1. Limited time only! Sign up for a free 30min personal tutor trial with Chegg Tutors
    Dismiss Notice
Dismiss Notice
Join Physics Forums Today!
The friendliest, high quality science and math community on the planet! Everyone who loves science is here!

Summation formula for trig functions

  1. May 3, 2009 #1
    Does anyone know if there is a summation formula to find the sum of an expression with n as an argument in a trig function? I'm asking this because I'm learning about Fourier series/analysis but it seems that once we have the Fourier series we only sum for n=1,n=2,n=3... We never sum there series all the way to infinity. Is there a way to do that, simular to the way an integral is defiened as the Riemann sum of an infinate number of points?

    If anyone can point me in a good dirrection I would sincerely appreciate it.

    Thanks a lot
  2. jcsd
  3. May 3, 2009 #2

    Ben Niehoff

    User Avatar
    Science Advisor
    Gold Member

    There are some tricks that can be used, but not every series can be summed explicitly. As an example, take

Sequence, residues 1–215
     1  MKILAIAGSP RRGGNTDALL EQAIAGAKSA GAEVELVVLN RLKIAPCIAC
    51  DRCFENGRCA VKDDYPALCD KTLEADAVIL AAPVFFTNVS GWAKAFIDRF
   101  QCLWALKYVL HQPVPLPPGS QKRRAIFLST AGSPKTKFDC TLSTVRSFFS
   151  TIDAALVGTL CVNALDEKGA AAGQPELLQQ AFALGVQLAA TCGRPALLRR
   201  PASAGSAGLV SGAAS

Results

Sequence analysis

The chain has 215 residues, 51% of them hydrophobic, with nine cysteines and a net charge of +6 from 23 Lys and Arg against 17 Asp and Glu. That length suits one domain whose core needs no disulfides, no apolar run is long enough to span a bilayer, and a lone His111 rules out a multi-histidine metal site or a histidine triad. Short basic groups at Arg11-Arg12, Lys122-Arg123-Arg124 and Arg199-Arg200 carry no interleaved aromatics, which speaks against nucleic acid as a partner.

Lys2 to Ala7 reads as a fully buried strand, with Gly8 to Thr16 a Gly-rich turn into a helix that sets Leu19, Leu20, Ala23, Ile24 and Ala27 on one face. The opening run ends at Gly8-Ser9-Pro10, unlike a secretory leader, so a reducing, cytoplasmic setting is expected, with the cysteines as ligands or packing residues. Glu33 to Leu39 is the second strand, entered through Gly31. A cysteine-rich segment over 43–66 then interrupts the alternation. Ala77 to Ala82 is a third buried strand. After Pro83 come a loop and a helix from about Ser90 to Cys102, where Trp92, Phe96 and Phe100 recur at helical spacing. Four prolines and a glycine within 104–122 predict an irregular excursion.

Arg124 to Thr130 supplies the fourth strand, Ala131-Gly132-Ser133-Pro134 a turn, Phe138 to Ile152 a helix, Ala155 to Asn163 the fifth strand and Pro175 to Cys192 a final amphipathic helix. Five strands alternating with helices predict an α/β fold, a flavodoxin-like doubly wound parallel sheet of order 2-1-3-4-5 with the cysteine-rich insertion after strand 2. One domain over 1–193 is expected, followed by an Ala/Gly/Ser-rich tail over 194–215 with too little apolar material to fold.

[tex]\sum \frac1n \sin nx[/tex]

    Using complex variables, we can write this as

    [tex]\Im \sum \frac1n e^{inx}[/tex]

    Now let [itex]z = e^{ix}[/itex], so we can write

    [tex]\Im \sum \frac1n z^n[/tex]

    And now use the series for [itex]\ln (1+z)[/itex]:

    [tex]\ln (1+z) = z - \frac{z^2}2 + \frac{z^3}3 - \frac{z^4}4 + \ldots[/tex]

    to write the sum as

    [tex]\Im (- \ln (1-z)) = - \arg (1-z) = - \arctan \frac{\Im (1-z)}{\Re (1-z)}[/tex]

    Finally, put in the definition of z:

    [tex]\sum \frac1n \sin nx = \arctan \frac{\sin x}{1 - \cos x}[/tex]

    If you plot this, it reproduces the periodic ramp function represented by the original series.

    To learn how it works, why don't you try working it out for a square wave? Basically all you do is use the ln(1+z) series in creative ways.
Share this great discussion with others via Reddit, Google+, Twitter, or Facebook